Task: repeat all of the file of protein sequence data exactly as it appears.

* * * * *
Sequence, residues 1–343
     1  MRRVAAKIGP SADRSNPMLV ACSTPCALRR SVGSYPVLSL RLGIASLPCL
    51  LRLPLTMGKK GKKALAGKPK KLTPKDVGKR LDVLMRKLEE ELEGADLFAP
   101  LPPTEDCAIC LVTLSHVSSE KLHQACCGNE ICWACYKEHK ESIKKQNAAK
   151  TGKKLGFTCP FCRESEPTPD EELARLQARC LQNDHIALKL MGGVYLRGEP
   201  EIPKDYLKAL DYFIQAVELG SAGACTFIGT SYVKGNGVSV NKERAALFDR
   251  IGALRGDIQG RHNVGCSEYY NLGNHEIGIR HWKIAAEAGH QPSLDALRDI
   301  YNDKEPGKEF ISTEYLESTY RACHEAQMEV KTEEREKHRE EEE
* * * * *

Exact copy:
Sequence, residues 1–343
     1  MRRVAAKIGP SADRSNPMLV ACSTPCALRR SVGSYPVLSL RLGIASLPCL
    51  LRLPLTMGKK GKKALAGKPK KLTPKDVGKR LDVLMRKLEE ELEGADLFAP
   101  LPPTEDCAIC LVTLSHVSSE KLHQACCGNE ICWACYKEHK ESIKKQNAAK
   151  TGKKLGFTCP FCRESEPTPD EELARLQARC LQNDHIALKL MGGVYLRGEP
   201  EIPKDYLKAL DYFIQAVELG SAGACTFIGT SYVKGNGVSV NKERAALFDR
   251  IGALRGDIQG RHNVGCSEYY NLGNHEIGIR HWKIAAEAGH QPSLDALRDI
   301  YNDKEPGKEF ISTEYLESTY RACHEAQMEV KTEEREKHRE EEE